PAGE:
After considering the application for rehearing filed by Percy Gray, Jr., the application for rehearing is denied. We find that, according to the terms and conditions of the promissory note executed by Gray, Gray was obligated to make monthly payments in the amount of $537.52 for 20 years. If each monthly installment was paid timely when due, then the balance owed by Gray on 27 January 2006, the date the instant suit was filed, would be $43,898.05. We note that, according to the Loan History Summary submitted by Franklin in support of its motion for summary judgment, Gray made additional payments on his indebtedness. However, the record before us is devoid of competent evidence that Gray informed Franklin that these additional payments were advance payments on monthly installments. Absent such evidence that prior payments were specifically intended to cover future monthly installments, we find that Franklin properly applied these payments to reduce the principal after deducting any past due amounts of any nature owed, including past accumulated interest, if any. We further find that the extra payments Gray made did not absolve him of his obligation under the note to continue to timely pay the $537.52 monthly installments when they became due. The balance of $42,664.11 for which Franklin sued represents the principal balance due as of the date suit was filed. The variance between that amount and the $43,898.05 that would be due if Gray had made no extra payments reflects extra payments not designated as payments of installments and did not relieve Gray of his monthly obligation. The motion for summary judgment was properly granted.

APPLICATION FOR REHEARING DENIED.

[1] Certifications of the promissory note, mortgage, and assignments by Custodian are part of the record on appeal.

[2] The hearing was continued because Gray's lawyer was recovering from illness. On 27 March 2007, counsel for Franklin filed a motion to reset the hearing, and the hearing was reset for 11 May 2007.

[3] Franklin filed a motion to strike the affidavit of Gray's lawyer, but the motion was never specifically ruled upon by the trial court.

[4] Pursuant to La. C.C.P. art. 1917, on 12 August 2007, Gray filed a motion for written reasons for judgment. The record on appeal contains no written reasons for judgment. Because on a motion for summary judgment an appellate court conducts a de novo review of the trial court record, we find written reasons are unnecessary.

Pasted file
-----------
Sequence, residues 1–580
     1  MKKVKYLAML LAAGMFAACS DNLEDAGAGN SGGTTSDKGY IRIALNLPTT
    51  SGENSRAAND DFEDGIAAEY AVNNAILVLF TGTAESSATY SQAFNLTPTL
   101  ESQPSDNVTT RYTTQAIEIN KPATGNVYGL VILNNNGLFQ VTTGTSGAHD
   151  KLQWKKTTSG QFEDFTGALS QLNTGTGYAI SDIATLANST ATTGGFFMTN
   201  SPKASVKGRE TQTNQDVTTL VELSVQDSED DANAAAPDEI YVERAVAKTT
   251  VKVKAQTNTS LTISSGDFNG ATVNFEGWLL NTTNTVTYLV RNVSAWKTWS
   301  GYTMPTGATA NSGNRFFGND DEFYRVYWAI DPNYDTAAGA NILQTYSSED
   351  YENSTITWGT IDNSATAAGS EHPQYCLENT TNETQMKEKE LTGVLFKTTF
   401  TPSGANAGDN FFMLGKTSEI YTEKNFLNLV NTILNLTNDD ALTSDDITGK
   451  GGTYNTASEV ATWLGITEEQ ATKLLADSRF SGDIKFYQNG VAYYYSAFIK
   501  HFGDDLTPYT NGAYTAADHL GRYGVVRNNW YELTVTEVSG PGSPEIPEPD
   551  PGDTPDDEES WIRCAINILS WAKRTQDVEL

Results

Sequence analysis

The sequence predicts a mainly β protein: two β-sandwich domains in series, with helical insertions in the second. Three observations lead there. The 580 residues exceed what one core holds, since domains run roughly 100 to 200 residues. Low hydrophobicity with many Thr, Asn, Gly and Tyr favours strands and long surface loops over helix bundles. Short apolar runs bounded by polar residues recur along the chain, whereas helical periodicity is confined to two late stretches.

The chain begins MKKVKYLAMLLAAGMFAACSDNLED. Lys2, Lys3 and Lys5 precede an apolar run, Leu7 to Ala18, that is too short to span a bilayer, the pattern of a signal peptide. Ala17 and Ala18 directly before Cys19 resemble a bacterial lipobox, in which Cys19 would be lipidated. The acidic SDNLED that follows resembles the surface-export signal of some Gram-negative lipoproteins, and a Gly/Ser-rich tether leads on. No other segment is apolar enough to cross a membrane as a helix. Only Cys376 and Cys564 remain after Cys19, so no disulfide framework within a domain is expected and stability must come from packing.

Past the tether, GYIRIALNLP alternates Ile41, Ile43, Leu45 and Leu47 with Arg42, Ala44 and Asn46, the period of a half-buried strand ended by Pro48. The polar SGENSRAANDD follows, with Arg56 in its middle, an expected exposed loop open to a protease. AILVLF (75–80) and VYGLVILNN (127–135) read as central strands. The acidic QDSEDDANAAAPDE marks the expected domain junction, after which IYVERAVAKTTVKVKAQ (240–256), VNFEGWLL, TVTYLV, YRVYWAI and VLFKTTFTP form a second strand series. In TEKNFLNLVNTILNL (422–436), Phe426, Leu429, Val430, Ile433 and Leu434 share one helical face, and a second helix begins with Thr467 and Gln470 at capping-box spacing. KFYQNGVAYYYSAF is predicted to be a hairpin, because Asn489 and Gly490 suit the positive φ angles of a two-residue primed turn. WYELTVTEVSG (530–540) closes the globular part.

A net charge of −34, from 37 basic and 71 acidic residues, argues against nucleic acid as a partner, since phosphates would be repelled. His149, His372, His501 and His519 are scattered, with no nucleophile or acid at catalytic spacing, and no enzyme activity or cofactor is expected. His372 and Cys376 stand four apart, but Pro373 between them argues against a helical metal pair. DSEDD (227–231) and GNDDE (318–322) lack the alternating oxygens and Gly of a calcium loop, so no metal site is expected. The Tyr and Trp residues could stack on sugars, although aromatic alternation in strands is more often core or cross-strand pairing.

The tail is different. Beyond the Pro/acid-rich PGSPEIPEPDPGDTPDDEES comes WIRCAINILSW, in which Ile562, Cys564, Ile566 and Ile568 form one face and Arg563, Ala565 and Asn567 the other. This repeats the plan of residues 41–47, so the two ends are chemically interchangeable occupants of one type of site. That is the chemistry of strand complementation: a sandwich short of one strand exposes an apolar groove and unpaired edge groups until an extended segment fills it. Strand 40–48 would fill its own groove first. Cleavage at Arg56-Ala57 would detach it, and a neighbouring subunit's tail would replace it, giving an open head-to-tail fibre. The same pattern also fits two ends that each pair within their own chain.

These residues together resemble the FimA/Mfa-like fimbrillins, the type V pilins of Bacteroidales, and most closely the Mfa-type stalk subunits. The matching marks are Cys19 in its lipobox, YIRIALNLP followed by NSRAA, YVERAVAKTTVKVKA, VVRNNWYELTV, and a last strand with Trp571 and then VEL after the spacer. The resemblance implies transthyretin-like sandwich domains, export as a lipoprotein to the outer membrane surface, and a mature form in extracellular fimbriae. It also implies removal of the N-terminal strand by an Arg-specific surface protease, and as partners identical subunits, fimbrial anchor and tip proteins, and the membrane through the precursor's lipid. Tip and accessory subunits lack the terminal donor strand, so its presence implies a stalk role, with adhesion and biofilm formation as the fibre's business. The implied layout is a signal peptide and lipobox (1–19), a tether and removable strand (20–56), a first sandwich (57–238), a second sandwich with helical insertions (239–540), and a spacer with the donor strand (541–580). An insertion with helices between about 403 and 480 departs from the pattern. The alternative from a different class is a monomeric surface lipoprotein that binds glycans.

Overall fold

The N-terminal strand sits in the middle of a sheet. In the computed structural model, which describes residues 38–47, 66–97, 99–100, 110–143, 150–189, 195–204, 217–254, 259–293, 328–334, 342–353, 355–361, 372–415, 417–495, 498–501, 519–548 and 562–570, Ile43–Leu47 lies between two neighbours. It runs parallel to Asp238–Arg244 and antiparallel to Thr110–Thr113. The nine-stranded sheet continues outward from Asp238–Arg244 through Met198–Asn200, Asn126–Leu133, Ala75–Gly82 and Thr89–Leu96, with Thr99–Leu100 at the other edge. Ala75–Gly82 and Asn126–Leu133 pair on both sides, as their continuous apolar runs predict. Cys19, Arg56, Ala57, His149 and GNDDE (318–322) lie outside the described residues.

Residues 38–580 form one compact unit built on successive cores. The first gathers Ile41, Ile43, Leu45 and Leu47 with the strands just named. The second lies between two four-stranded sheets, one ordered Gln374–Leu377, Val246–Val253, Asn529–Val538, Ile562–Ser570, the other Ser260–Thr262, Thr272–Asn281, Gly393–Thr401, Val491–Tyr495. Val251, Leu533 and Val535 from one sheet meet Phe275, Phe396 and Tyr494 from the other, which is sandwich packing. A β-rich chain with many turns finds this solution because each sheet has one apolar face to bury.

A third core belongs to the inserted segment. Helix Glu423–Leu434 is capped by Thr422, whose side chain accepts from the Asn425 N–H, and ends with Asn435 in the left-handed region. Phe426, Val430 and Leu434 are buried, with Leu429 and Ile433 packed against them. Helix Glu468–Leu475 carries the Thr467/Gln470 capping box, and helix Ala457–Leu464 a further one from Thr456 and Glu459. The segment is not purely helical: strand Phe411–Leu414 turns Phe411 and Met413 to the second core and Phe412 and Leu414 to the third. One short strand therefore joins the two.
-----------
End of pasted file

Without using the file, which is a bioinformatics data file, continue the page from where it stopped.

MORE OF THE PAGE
[5] On appeal, Gray raises the lack of authenticity or validity of the loan documents and questions whether Franklin is a holder in due course of the promissory note with the right to pursue a cause of action against Gray. Gray's objection to the admissibility of the documents, coming as it does for the first time on appeal, is untimely. Objection as to the admissibility of evidence may not be raised for the first time on appeal. See Kaufman v. Cleaton, 03-0452, p. 4 (La.App. 4 Cir. 10/8/03), 861 So.2d 586, 588-589. Additionally we note that La. R.S. 9:4422 provides that signatures or endorsers, guarantors, and other persons whose signatures appear on or are affixed to an instrument (i.e., a promissory note) secured by a mortgage or privilege, are presumed to be genuine and no further evidence is required of those signatures for purposes of executory process.

[6] In his brief on appeal, Gray raises an exception of no cause of action, which we find has no merit.

[7] In Louisiana, the burden of proof with respect to an affirmative defense of "payment" rests with a defendant attempting to assert that the note has been paid, or the obligation extinguished. American Bank v. Saxena, 553 So.2d 836, 844 (La.1989).

[8] In Gutierrez v. Travelers Ins. Co., 358 So.2d 349 (La.App. 4th Cir.1978), the plaintiff's stepson and child of the decedent acted as plaintiff's counsel, while also testifying on her behalf as a substantial part of her case. This court, in annulling the judgment and remanding the matter for a new trial, held that as the plaintiff's lawyer was the material witness for the plaintiff, his representation was inconsistent with the clear mandate of the Code of Professional Responsibility. In Bordelon v. Safeway Ins. Co., 380 So.2d 1379, 1384 (La. App. 3rd Cir.1980), the court determined that evidence of the plaintiff's medical expenses presented through the testimony of her attorney constituted error, albeit harmless because "the facts [did] not establish the [lawyer's testimony] was so untrustworthy or questionable as to warrant its exclusion to plaintiff's detriment." In State v. Lee, 00-2516, pp. 10-11 (La.App. 4 Cir. 4/6/01), 787 So.2d 1020, 1029-1030, this court reiterated that "counsel should avoid appearing as both advocate and witness except under extraordinary circumstances."

[9] By our ruling, Franklin's motion to strike filed in this court is mooted.